Gestational diabetes can develop during pregnancy. When you have this condition, the insulin in your body is not able to keep your blood sugar in a normal range. If you do not control your blood sugar, your baby can grow too big.
Most of the time, gestational diabetes goes away after a baby is born. But if you have had gestational diabetes, you have a greater chance of having it in a future pregnancy and of developing type 2 diabetes. To check for diabetes, you may have a follow-up glucose tolerance test 6 weeks to 6 months after your baby is born.
You may be able to control your blood sugar with a healthy diet and regular exercise. Staying at a healthy weight also may keep you from getting type 2 diabetes later on. If diet and exercise do not lower your blood sugar enough, you may need to take insulin shots. Insulin is safe during pregnancy. If you don't want to take insulin your doctor may prescribe an oral medicine to help control your blood sugar.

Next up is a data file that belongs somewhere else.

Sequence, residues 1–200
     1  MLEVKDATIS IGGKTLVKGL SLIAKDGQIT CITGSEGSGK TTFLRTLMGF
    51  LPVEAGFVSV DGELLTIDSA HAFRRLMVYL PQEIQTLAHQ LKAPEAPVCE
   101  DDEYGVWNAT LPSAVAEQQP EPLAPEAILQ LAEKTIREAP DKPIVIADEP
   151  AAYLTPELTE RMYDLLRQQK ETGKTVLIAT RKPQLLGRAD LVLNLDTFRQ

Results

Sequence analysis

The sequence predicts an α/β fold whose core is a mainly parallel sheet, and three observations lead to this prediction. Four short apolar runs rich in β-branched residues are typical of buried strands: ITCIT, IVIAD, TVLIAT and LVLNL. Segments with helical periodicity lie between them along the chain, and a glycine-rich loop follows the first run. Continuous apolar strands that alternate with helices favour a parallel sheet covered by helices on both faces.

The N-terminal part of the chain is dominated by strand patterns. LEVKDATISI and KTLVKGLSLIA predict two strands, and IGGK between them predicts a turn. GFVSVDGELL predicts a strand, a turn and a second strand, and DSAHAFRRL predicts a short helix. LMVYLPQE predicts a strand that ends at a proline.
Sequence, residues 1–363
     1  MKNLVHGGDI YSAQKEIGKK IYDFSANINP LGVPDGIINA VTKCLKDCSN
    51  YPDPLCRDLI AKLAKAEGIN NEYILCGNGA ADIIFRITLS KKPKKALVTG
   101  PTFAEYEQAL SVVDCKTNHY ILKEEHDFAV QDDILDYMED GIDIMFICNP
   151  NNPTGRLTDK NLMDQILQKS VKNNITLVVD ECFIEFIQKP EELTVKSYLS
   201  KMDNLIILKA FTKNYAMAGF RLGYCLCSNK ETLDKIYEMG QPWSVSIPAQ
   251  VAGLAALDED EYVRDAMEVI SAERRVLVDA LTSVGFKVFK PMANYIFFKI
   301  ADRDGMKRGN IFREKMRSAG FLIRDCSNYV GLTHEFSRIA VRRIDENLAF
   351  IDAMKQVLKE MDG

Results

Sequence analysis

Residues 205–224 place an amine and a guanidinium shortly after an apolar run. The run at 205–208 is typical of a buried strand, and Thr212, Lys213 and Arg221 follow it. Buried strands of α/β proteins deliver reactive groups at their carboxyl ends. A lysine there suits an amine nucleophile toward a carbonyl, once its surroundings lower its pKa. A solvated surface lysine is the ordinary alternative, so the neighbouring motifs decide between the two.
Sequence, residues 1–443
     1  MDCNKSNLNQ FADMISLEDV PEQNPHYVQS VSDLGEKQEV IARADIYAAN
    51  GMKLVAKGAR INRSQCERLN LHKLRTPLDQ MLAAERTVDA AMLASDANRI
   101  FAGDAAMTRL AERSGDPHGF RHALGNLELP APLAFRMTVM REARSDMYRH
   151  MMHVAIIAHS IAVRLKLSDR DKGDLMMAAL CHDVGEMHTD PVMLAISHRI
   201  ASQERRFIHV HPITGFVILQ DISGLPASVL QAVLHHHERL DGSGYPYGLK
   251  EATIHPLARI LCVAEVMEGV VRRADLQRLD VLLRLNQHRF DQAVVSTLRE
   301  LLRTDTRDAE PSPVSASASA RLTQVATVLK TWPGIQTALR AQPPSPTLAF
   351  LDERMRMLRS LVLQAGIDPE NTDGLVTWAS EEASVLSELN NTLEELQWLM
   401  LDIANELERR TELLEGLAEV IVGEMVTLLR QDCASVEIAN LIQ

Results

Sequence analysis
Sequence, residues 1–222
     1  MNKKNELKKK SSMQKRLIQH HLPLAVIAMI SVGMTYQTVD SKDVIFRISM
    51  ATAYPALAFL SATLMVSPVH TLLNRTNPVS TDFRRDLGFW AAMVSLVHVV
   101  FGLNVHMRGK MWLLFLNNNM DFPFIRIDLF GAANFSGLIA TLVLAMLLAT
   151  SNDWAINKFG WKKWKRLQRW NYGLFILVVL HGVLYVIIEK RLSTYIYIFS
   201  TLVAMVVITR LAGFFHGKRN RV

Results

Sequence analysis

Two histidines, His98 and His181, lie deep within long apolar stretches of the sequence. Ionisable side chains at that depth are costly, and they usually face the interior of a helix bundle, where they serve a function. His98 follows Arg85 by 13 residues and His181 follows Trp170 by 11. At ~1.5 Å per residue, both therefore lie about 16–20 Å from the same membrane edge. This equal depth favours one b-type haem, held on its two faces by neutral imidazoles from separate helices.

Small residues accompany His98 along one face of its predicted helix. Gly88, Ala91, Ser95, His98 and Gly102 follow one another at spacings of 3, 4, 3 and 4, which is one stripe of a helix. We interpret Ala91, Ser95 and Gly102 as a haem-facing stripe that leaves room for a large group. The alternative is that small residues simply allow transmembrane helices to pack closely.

Follow-up care is a key part of your treatment and safety. Be sure to make and go to all appointments, and call your doctor or nurse call line if you are having problems. It's also a good idea to know your test results and keep a list of the medicines you take.
Call 911 anytime you think you may need emergency care. For example, call if:
Call your doctor or nurse call line now or seek immediate medical care if:
Watch closely for changes in your health, and be sure to contact your doctor if:
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Current as of:
May 23, 2016
Adam Husney, MD - Family Medicine
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